Australia bushfires: untold stories from the frontline of an apocalyptic wildlife disaster

The vet came to the car and sedated her and he said he would return in five minutes.
It had taken all my strength to hold her legs with every kick. She was ravaged with burns and starved, and still she would die fighting. 
As I looked down at my body covered in ash and blood and sweat, I could feel her heart slowing down. Soon the pain would be over. 
They took her from my arms and told me not to follow them to the death pit.
But I did. I hung back and sat down on the ground and watched a man load the syringe.
One of the other vets walked by and recognized me. “Don’t look,” she said.
“Put your head down.” And so I did.
And finally, after ten days of shock and horror and suffering, I let go,
and my tears soaked the earth.
-Jamie Joseph
Ground Zero – Kangaroo Island, 25 January 2020.

Untold stories from the frontline of an apocalyptic wildlife disaster

By Jamie Joseph | All photographs by Adam Oswell.

“We were already experiencing unprecedented drought before the fires,” Conservationist and firefighter James Fitzgerald told me as he fed hand-picked eucalyptus leaves to Greta, an orphaned koala he affectionately named after the young Swedish climate activist. “Climate change is making our fire season longer, and the window of opportunity for saving this already vulnerable species is disappearing.” 

The next day, 21 January, 73 year old President Trump took aim at 17 year old Greta Thunberg – and every other human not in denial – when during the Davos Summit he claimed we “peddle climate warnings of doom” at a time when his policies had ushered in a bright new era of economic prosperity for Americans.

James Fitzgerald’s 2000 acre Two Thumbs Wildlife Sanctuarynear Cooma in New South Wales had been severely hit by the 29 December bushfire, and he was sleepless with thoughts of another blaze taking what little was left.

Three days later a LockheedC-130 aircraft crashed not far from where we had stood beside Greta, discussing the bureaucratic inertia of government, both in Australia and around the world. Three Americans flying for a private Canadian company died trying to protect the remains of the sanctuary, as yet another fire raised its head like the devil and stole more lives.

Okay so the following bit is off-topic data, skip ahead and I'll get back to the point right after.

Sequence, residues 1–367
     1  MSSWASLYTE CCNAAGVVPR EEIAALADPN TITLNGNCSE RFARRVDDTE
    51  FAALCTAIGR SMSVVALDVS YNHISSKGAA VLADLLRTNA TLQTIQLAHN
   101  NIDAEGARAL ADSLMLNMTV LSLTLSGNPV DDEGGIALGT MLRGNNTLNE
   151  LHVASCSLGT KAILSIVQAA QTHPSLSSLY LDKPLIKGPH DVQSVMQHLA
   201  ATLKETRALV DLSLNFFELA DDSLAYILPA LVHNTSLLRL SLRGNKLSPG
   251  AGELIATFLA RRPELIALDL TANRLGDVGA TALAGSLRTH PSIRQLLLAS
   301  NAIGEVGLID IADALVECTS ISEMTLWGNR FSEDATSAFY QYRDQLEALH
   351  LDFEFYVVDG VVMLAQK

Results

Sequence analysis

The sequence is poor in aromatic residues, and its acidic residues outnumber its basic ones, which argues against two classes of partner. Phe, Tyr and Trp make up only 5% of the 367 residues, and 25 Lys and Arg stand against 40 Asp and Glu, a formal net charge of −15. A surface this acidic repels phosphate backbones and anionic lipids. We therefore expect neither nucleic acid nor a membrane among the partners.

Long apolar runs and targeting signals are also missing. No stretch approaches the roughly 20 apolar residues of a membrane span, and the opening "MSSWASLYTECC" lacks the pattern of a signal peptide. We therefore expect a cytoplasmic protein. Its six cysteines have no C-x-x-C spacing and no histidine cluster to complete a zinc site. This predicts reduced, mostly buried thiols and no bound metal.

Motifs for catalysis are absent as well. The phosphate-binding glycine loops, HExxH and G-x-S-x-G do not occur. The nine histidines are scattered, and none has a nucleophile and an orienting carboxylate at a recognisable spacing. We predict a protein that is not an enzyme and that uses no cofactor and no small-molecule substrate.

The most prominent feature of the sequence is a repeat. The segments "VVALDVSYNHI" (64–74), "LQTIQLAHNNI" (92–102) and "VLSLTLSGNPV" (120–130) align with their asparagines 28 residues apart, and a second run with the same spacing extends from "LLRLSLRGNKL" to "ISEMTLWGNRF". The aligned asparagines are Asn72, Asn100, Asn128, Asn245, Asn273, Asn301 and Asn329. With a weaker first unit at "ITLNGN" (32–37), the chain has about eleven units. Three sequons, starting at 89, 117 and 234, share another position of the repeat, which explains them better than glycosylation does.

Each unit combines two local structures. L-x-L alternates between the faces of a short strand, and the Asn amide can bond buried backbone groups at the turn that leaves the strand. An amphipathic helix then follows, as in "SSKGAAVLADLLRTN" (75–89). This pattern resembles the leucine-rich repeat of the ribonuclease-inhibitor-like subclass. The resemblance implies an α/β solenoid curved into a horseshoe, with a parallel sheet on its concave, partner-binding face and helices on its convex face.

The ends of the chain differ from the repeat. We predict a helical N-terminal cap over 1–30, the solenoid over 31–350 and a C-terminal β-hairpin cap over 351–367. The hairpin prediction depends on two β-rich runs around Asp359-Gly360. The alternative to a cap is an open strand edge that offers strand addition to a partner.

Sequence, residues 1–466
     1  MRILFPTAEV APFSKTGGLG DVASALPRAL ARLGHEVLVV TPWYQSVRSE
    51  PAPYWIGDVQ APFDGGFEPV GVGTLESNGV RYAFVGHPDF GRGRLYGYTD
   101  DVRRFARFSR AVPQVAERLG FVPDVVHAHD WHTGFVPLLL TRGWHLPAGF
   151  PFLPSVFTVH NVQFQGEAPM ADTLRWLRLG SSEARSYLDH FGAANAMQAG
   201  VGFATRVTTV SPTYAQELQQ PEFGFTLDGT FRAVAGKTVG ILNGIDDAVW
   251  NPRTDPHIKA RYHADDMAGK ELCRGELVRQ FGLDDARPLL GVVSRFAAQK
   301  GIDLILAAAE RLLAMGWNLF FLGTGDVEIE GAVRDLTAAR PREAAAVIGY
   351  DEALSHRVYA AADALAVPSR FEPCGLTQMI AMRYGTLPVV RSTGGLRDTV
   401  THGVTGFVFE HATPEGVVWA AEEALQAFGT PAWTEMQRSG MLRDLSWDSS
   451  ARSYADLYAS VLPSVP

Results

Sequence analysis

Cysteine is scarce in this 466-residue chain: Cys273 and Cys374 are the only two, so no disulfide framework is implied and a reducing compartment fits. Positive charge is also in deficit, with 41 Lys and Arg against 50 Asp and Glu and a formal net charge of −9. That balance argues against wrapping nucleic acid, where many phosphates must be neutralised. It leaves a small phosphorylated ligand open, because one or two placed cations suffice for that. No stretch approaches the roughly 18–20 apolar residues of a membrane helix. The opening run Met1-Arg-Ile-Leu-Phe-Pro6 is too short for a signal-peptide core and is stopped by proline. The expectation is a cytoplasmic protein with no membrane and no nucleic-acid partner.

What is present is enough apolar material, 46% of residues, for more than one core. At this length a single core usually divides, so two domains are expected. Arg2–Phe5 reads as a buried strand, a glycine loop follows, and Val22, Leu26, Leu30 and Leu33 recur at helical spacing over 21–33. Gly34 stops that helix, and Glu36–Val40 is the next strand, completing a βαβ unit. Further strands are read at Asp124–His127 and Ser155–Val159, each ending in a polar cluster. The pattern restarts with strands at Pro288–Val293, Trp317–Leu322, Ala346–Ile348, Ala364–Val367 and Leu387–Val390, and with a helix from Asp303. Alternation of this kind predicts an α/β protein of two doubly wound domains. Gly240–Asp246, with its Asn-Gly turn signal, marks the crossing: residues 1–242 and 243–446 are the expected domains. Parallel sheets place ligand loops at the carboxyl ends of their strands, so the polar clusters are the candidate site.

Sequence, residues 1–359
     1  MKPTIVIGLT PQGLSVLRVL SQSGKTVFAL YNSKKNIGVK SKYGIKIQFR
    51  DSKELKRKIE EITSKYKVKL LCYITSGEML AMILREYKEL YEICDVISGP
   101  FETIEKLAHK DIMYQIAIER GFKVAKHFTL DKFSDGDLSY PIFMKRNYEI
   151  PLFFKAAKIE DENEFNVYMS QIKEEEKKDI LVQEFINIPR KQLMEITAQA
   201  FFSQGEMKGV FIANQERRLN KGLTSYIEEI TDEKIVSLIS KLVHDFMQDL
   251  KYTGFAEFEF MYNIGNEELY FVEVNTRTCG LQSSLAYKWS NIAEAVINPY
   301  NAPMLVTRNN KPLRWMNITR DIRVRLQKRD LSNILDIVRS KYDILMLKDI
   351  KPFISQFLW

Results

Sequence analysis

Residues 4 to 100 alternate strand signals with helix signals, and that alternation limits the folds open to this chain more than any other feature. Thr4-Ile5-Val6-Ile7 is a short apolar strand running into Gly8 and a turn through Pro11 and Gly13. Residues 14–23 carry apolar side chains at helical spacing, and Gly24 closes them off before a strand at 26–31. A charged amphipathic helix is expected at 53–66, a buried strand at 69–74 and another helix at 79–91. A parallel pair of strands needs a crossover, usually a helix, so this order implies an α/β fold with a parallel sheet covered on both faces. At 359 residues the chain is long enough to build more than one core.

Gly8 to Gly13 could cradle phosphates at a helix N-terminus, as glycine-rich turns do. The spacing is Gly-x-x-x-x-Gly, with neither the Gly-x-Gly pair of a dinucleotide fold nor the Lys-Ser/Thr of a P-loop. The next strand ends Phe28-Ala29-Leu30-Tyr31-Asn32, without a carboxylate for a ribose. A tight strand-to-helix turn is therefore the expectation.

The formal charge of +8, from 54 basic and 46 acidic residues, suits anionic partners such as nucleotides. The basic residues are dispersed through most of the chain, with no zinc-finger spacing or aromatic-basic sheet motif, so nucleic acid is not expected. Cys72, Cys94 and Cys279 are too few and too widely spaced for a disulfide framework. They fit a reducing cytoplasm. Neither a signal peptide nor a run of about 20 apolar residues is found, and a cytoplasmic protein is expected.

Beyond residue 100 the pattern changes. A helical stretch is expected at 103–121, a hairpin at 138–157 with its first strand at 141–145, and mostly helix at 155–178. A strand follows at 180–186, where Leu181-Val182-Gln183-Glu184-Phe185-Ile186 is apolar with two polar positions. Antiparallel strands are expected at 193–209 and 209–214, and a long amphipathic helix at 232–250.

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I had touched down in Sydney one week earlier with a mission to deliver Comvita manuka honey medical supplies to vets and wildlife carers across Australia. I run the Africa based environmental organization Saving the Wild, and I had seen in the survivors of the poaching crisis that manuka honey has exceptional antibacterial wound healing properties. I thought because I had spent so many years in the presence of savagely butchered elephants and rhinos that I was mentally strong enough to handle the carnage in Australia, but nothing could prepare me for the massive scale of destruction, and the misappropriation of funds and resources.

Over a billion animals lost in Australia’s fires is the number dominating the headlines. That figure is rising beyond comprehension. Now with horrific habitat loss and the ever-present drought, the survivors are starving, while others run the gauntlet of cars in search of food, only to be knocked down before reaching greener pastures.

During the first week living out of a van and travelling across New South Wales, I soon realized that the wildlife charity with the biggest marketing budget had suddenly been swamped with millions of dollars in donations, whilst other dedicated groups on the ground ran ragged – with no time for social media, eat or sleep. And so I decided to focus on helping those who needed it most.

One of so many stories that illustrate this is that of husband and wife team, Professor Steve Garlick, who specializes in animal ethics and the treatment of PTSD, and his partner Dr Rosemary Austen, a general practitioner. The caretakers of Possumwood Wildlife Sanctuary, they have dedicated the last 21 years of their lives to saving more than 6000 animals. Rosemary works four days a week as a GP to cover most of the $80 000 annual budget needed to care for their rescues. They had over 100 kangaroos on their land when I visited, and she knew every one of them as individuals. Depending on the severity of the injuries, there were outside free-roaming areas, while those needing intensive care were monitored inside the house. 

I sat on the floor with a roo stretched out on the sofa beside me, too weak to lift his head, while another found the strength to hobble across the room, all four feet wrapped in bandages. I felt my heart sink every time she fell down, before she eventually reached me and rested her head on mine.